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July 20, 2015 By U.S. Mail and Office of Exemption Determinations Employee Benefits Security Administration Attn: D Suite 400 U.S. Department of Labor 200 Constitution Avenue,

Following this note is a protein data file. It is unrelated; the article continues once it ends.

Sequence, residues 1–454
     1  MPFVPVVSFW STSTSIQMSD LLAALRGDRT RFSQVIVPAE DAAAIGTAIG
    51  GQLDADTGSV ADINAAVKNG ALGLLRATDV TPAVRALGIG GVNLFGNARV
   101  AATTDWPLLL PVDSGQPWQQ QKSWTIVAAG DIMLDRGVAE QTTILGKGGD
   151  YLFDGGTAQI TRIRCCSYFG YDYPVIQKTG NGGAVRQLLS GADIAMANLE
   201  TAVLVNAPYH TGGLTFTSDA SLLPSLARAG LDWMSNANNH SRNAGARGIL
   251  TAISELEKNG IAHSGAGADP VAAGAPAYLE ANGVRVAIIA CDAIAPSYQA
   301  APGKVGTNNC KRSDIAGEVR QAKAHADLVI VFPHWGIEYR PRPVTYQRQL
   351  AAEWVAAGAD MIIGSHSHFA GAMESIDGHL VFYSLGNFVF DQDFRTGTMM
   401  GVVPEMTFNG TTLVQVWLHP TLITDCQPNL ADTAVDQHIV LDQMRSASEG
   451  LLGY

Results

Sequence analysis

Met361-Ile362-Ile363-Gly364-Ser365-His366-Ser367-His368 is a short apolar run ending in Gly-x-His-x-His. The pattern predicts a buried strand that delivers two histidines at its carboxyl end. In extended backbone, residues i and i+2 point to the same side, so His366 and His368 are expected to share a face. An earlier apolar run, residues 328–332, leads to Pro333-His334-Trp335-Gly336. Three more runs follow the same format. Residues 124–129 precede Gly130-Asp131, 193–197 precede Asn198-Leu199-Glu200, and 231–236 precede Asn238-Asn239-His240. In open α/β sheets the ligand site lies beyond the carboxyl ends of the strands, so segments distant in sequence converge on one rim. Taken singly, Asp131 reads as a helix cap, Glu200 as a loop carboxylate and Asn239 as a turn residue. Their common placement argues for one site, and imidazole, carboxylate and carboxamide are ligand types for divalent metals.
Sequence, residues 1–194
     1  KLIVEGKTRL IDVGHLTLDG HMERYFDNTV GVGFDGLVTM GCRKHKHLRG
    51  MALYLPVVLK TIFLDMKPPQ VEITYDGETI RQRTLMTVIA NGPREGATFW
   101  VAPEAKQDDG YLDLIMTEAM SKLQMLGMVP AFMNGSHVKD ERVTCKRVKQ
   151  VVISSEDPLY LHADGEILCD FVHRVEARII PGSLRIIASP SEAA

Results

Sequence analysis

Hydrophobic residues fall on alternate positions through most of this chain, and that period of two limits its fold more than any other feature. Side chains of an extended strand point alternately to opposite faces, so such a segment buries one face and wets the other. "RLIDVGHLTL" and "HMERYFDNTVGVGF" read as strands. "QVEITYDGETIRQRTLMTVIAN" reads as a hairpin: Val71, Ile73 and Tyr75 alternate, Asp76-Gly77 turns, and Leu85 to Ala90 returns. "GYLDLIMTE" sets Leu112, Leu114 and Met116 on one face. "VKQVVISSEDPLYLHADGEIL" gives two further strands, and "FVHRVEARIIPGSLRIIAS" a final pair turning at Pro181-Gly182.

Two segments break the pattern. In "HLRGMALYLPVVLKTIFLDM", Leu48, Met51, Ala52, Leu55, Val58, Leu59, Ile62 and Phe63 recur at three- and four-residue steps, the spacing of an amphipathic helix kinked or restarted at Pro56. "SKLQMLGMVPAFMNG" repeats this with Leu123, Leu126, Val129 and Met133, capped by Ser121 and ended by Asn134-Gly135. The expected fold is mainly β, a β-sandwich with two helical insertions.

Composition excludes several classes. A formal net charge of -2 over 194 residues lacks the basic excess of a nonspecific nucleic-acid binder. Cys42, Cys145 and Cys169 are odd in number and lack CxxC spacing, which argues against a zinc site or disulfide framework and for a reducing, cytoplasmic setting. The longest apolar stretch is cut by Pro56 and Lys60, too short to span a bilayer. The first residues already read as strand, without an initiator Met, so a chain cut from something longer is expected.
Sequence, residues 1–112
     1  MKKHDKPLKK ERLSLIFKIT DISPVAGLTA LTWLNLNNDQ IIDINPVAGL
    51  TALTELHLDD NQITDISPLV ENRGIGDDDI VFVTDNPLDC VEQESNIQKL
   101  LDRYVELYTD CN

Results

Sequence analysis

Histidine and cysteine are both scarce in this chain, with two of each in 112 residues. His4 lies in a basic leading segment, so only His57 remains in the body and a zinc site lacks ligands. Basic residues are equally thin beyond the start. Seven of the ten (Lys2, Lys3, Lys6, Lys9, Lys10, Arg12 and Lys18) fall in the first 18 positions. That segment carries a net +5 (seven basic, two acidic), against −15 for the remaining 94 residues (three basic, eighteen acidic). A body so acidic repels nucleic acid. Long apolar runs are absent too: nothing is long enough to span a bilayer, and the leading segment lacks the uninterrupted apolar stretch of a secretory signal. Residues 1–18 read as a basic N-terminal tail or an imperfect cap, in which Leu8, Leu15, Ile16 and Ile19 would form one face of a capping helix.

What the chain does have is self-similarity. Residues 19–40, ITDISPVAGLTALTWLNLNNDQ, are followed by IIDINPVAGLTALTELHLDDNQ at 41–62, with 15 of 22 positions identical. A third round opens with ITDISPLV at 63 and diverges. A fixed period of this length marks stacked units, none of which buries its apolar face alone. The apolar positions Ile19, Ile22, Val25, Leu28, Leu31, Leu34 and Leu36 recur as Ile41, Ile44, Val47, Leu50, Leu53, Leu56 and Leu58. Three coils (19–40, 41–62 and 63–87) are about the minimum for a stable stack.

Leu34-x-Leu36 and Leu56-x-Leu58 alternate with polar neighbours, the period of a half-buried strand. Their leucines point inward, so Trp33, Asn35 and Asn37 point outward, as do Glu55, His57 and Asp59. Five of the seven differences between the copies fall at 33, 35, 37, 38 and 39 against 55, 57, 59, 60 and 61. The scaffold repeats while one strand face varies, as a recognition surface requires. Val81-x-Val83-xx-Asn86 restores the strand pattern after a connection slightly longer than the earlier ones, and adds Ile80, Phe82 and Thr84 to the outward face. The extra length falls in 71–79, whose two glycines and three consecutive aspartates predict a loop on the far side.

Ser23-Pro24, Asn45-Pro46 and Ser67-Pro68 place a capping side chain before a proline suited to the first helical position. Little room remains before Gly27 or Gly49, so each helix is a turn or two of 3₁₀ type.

July 20, 2015 By U.S. Mail and Office of Exemption Determinations Employee Benefits Security Administration Attn: D Suite 400 U.S. Department of Labor 200 Constitution Avenue, N.W. Washington, D.C Re: ZRIN: 1210-ZA25; PTE Application D Ladies and Gentlemen: The Securities Industry and Financial Markets Association ( SIFMA ) 1 is pleased to provide comments regarding the Department of Labor s ( Department ) Proposed Best Interest Contract Exemption 2 ( BIC Exemption ) under the Employee Retirement Income Security Act of 1974, as amended ( ERISA ). We appreciate the opportunity to comment and hope that our comments are helpful to the Department as it assesses whether the exemption, as written, can be accommodated into the broker-dealer model that exists today, or whether, as written, it will result in the loss of professional investment advice for small retirement accounts. 3 We respectfully request an opportunity to testify at the hearing on the proposed exemption. 1 SIFMA is the voice of the U.S. securities industry, representing the broker-dealers, banks and asset managers whose 889,000 employees provide access to the capital markets, raising over $2.4 trillion for businesses and municipalities in the U.S., serving clients with over $16 trillion in assets and managing more than $62 trillion in assets for individual and institutional clients including mutual funds and retirement plans. SIFMA, with offices in New York and Washington, D.C., is the U.S. regional member of the Global Financial Markets Association (GFMA). For more information, visit 2 Proposed Best Interest Contract Exemption, 80 Fed. Reg (April 20, 2015) Fed. Reg. at Attached hereto are SIFMA s submissions for the related rulemakings being undertaken by the Department. These attachments are an integral part of this submission. 4 Although the preamble states that the proposed BIC Exemption seeks to preserve beneficial business models by taking a standards-based approach that will broadly permit firms to continue to rely on common fee practices, the exemption as currently proposed raises significant and in many respects insurmountable obstacles for broker-dealers, including the ability to offer commission-based advice. For example, the contract requirements of the proposed exemption do not comport with the manner in which financial professionals enter into relationships with retail customers. SIFMA further believes that the written disclosures required under the proposed exemption will not only overwhelm customers with more information than they can possibly digest, but also seriously impede customer transactions and cause timing and opportunity losses for smaller retirement accounts. Moreover, complying with the terms and conditions of the proposed exemption will impose significant additional costs on broker-dealers and other providers of financial services. That will make it extremely difficult, if not impossible, for smaller retirement accounts to receive financial advice from the professionals who currently serve them. As a result, many of these smaller retirement accounts may be terminated or maintained such that the investor receives no assistance and the broker is no more than an order taker. To the extent that the investment education currently provided by financial professionals ceases to be available, the result will be accelerated leakage of retirement savings out of tax-advantaged accounts, less people saving for retirement and widespread confusion on the part of retirement investors, none of which is in the best interest of these investors. 4 See Appendices numbered SIFMA shares the Department s interest in ensuring that investors receive appropriate, informed assistance with decisions concerning retirement. However, SIFMA respectfully believes that this proposed exemption, and the package of proposals accompanying it, are not the proper way of proceeding. SIFMA also does not believe that the Department may use a new definition of fiduciary, in combination with its exemptive authority, as a means of establishing a new regulatory and enforcement program for financial professionals, ERISA plans, and non-erisa plans such as IRAs. SIFMA expresses this objection with regard to the BIC Exemption, and the other, related exemptive rules that have been proposed. 3 Comments on specific provision can be found on the pages indicated below: I. Scope of the Best Interest Contract Exemption 5 II. Contract a. Contract Requirement 11 b. Voluntary Assumption of Fiduciary Status 13 c. Impartial Conduct Standards 15 d. Warranties 19 e. Contract Disclosures 24 f. Prohibited Contract Provisions 25 III. Disclosure Requirements 26 a. Cost Disclosure at Time of Purchase 27 b. Annual Fee and Compensation Disclosure 30 c. Web Disclosure 31 IV. Range of Investment Options 32 V. Disclosure to the Department, Recordkeeping and Data Requests 37 VI. Exemption for Pre-Existing Transactions 39 VII. Comment on a Low Fee Streamlined Exemption 43 VIII. Definitions 44 4 Section I: Scope of the Proposed Best Interest Contract Exemption SIFMA respectfully believes that the Department s new fiduciary definition, and this proposed exemption, exceed the Department s statutory authority. SIFMA offers the comments and recommended changes in this letter to assist the Department in improving this exemptive rule in the event the Department resolves to adopt this package of proposals in final form, despite the deep concerns they present. Nothing in these comments should be understood to mean that SIFMA concurs with the construction of ERISA and the Code underlying the Department s proposals, or with the policy views regarding the financial services industry that the Department has articulated in presenting its proposals. Advice Recipients Covered by the BIC Exemption. The proposed BIC Exemption permits an adviser to receive compensation for services provided to a Retirement Investor in connection with a purchase, sale or holding of an Asset by a plan, a plan participant or an IRA. Retirement Investor is defined to include a plan participant or beneficiary with the ability to self-direct his or her account or take a distribution, an IRA owner, or a plan sponsor of a plan with fewer than 100 participants that is not participantdirected. We urge the Department to include advice to sponsors of participant directed plans with fewer than 100 participants on the composition of the menu of investment options available under such plans. Without such relief, sponsors of such plans would have to enter into a fixed fee arrangement with an adviser to obtain advice regarding menu selection, which many small employers would be unwilling to do. We also note that the Department has omitted Keogh plans from the list of retirement investors, which we assume was inadvertent. As a result of the Department s decision to limit the availability of the BIC exemption to the retail retirement marketplace, no financial professional can receive any third party fees on behalf of any plan with more than 100 participants. We urge the Department to permit receipt of 5 mutual fund third party payments in connection with plans with more than 100 participants under PTE (amended consistent with SIFMA s comment letter addressing the Department s proposed amendments to PTE ), with full disclosure in the manner that has worked successfully under that exemption for the last 30 years. We also believe that the 100 participant ceiling in the BIC exemption will be operationally unworkable from a compliance perspective. For example, how often would the financial professional need to confirm that the number of participants in the plan is at or below 100? It would not be possible to confirm the number of participants prior to every transaction or every recommendation. If the 100 participant cap is intended to protect less sophisticated plan sponsors, we suggest as an alternative that the Department use an asset based test in Section (b)(1)(i)(b) of the proposed regulation 5 that aggregates the assets of all plans sponsored by the employer and its affiliates. Many large employers sponsor multiple plans, some of which may be quite small. In such cases, the plan sponsor is not likely unsophisticated or in need of the protection of the BIC Exemption. Such employers can take advantage of other exemptions for any small plans that they sponsor and should not be forced into the BIC Exemption. If the Department determines to keep the 100 participant test, we urge the Department to amend the proposed exemption to provide that the test must be met as of the latest Form 5500 filed by the plan sponsor and publicly available from the Department at the time the account is opened. Transactions Covered by the BIC Exemption. The exemption covers only the receipt of compensation in connection with the purchase, holding or sale of a specified list of Assets. We believe it also needs to cover the receipt of 5 See Definition of the Term Fiduciary : Conflict of Interest Rule Retirement Investment Advice, 80 Fed. Reg , (Apr. 20, 2015). 6 compensation in connection with extensions of credit, since by its terms, the exemption covers debt instruments, bank deposits and certificates of deposit. 6 We are troubled by the narrow scope of the permitted Assets and urge the Department to reconsider its approach to this concept. The term Asset is defined to include only: bank deposits; certificates of deposit; shares or interests in registered investment companies, bank collective funds, insurance company separate accounts, exchange-traded REITs, or exchangetraded funds; corporate bonds offered pursuant to a registration statement under the Securities Act of 1933; agency debt securities as defined in FINRA Rule 6710(l) or its successor; US Treasury securities as defined in FINRA Rule 6710(p) or its successor; insurance and annuity contracts; guaranteed investment contracts; and equity securities within the meaning of 17 C.F.R that are exchange-traded securities within the meaning of 17 C.F.R The term Asset is expressly defined to exclude any equity security that is a security future or a put, call, straddle, or other option or privilege of buying an equity security from or selling an equity security to another without being bound to do so. The investments excluded from the Department s proposed list of permissible Assets include such transparent and liquid securities as municipal bonds, federal agency and government sponsored enterprise guaranteed mortgage-backed securities, foreign bonds, foreign equities, and foreign currency. It also omits other common investments such as over the counter equities, structured products (other than U.S. corporate bonds), hedge funds, private equity and other 6 The BIC Exemption also provides no relief for principal transactions, which effectively denies relief under the exemption for the acquisition of shares of unit investments trusts. Although unit investment trusts are organized as registered investment companies, they are typically sold out of inventory. In a separate comment letter, SIFMA is recommending that the proposed exemption for principal transactions in debt securities be expanded in such a way that it would provide relief for the acquisition of unit investment trust shares. 7 These exchange definitions make clear that only equities traded on a US exchange are covered under the exemption. 7 alternative investments, options, and futures contracts. In enacting ERISA, Congress chose not to prohibit these types of investments, and the Department has historically declined to create a legal list of investments for plan fiduciaries. 8 The creation of an enumerated list of permissible asset types for small plans and IRAs is a marked departure from the Department s practice over the last 40 years. For the first time, the Department is proposing to create a legal list that substitutes its judgment for that of the plan fiduciary, IRA owner or plan participant. We question whether the Department has the legal authority to specify what retirement accounts can invest in. Had Congress wanted to place investment restrictions, it could have done so, as it did in IRC 408(m) for IRA accounts. Because there are no such prohibitions in ERISA, we do not believe that the Department has the requisite authority to impose them now. We also question the Department s ability to expand the list of prohibited investments for IRAs given the language in IRC 408(m) which does not include any of the securities prohibited under this proposed exemption. We also believe that the legal list is fundamentally inconsistent with a fiduciary standard. An adviser may in good faith believe that an investment not on the list of Assets is in the best interest of the plan, plan participant or IRA owner. If an adviser so believes and fails to act on his or her belief, will adherence to the list be a defense? Limiting the ability of advisers to take action that they truly believe would be in the best interest of IRA owners, plans and their participants would substitute the Department s judgment for that of advisers, IRA owners, plans and their participants, and seems counter to the Department s stated goals. 8 See Investment of Plan Assets under the Prudence Rule, 44 Fed. Reg (June 1, 1979) ( the Department does not consider it appropriate to include in the regulation any list of investments, classes of investment, or investment techniques that might be permissible under the prudence rule ). We note that exchange traded funds did not exist in 1979 and thus could not have made any such list at the time. 8 Furthermore, limiting the types of permissible assets would create major operational challenges. As outlined in the Deloitte report submitted with this comment letter, SIFMA member firms would have to bifurcate accounts to accommodate products that would not be permissible under the exemption. Significant oversight would be required to ensure that advised retirement accounts are holding only permissible assets and that retirement investors are being advised only with respect to such assets. For pre-existing retirement accounts, SIFMA member firms will be barred from providing much needed advice to the account owners concerning the holding or sale of any assets that are not on the Department s proposed list. These negative consequences are discussed in greater detail below in SIFMA s comments regarding Section VII of the proposed exemption. Although the Department suggests plans and IRAs can obtain exposure to impermissible assets through mutual funds, mutual funds does not have the risk, reward or fee structure of those assets (e.g., sovereign bonds or foreign securities). It is not reasonable to suggest that a mutual fund is a substitute for an asset that the Department has excluded. We urge the Department to replace the term Asset in Section I(a) with the phrase securities or other property. Given the impartial conduct standard required by the BIC Exemption, there should be no limit on the types of assets covered by the exemption. As proposed, the BIC Exemption purports to require brokers to act in the client s best interest, but then trumps the broker s judgment on what is or is not a suitable investment. Moreover, as the investment world constantly evolves, the sort of static list proposed in the BIC Exemption could impede investments in new vehicles that have the same level of transparency and liquidity cited by the Department as primary criteria in selecting Assets. We believe that any such limitation is inappropriate. The BIC Exemption also makes no provision for the receipt of compensation for two specific activities that the Department has included in the proposed definition of fiduciary investment advice: rollover advice and manager advice. Under the proposal, one becomes a fiduciary by recommending that a plan participant roll his or her account balance over to an IRA or by 9 recommending a manager, but BIC Exemption provides no relief for the receipt of fees in connection with the rollover or the manager selection process. In addition to substituting the phrase securities or other property for the term Asset, SIFMA urges the Department to provide explicit relief for compensation received in connection with a recommendation to take a distribution of benefits or rollover into a plan or an IRA, as well as in connection with a recommendation concerning the selection of investment managers or advisers. We believe that these omissions must have been inadvertent, since it does not seem reasonable to make a person a fiduciary for a particular type of advice but provide no exemption for any compensation that may flow from that recommendation. Because the proposed BIC Exemption is tailored to the recommendation of an Asset, it is unworkable for recommendations of investment managers or advisers, including recommendations of separate managed account strategies or wrap fee programs (collectively, advice programs ). These advice programs are for discretionary management services that, when provided for retirement accounts, are already subject to the full protections of ERISA today. A separate, modified BIC Exemption must be adopted that is more tailored and relevant to the recommendations of these advice programs. To address potential conflicts, such an exemption could incorporate the same impartial conduct standards and other requirements as contained in the BIC Exemption (subject to the necessary clarifications and modifications discussed below in this letter). To avoid encumbering unnecessarily the pre-investment conversation, and to leverage existing requirements and practices under the Advisers Act for discretionary management services, the exemption should allow the contractual requirements to be incorporated into an advice program agreement. It should be possible for that agreement to be executed after the adviser recommends the advice program, but prior to any actual investment through the advice program. For example, a required clause could state that an advice program recommendation was made in the best interest of the client. In lieu of the BIC Exemption disclosures, which are asset-based and therefore inapposite to the recommendation of advice 10 programs, the Department should require 29 C.F.R b-2 disclosures that could be incorporated into the advisory program s ADV Part 2 disclosure brochure that is already delivered to clients under the Advisers Act. The concept of leveraging b-2 disclosures is discussed in more detail below. Section II: Contracts, Impartial Conduct and Other Requirements Contract Requirement The BIC Exemption requires that a contract be entered into before any recommendation is made to a retirement investor. There are several reasons why this requirement is simply incompatible with the markets and relationships it is intended to regulate. As a threshold matter, it is completely at odds with the manner in which brokers typically enter into relationships with retail customers. Given the uncertain scope of the term recommendation and the risk of noncompliance with the exemption, this proposed condition may leave brokers no choice but to ask retirement investors to enter into written contracts before any meaningful conversations have taken place. That could make retirement investors so uncomfortable that they simply decide not to proceed any further. Requiring a contract before any recommendation is made would also preclude reliance on the BIC Exemption for certain types of advice (such as rollover recommendations), because participants are not likely enter into a contract until they have considered the advice and made a decision. There are other operational incompatibilities as well. The practical reality of the marketplace is that contracts are generally entered into between the financial institution and the IRA owner, plan fiduciary or participant acting on behalf of the IRA, plan or participant account. Advisers do not sign these contr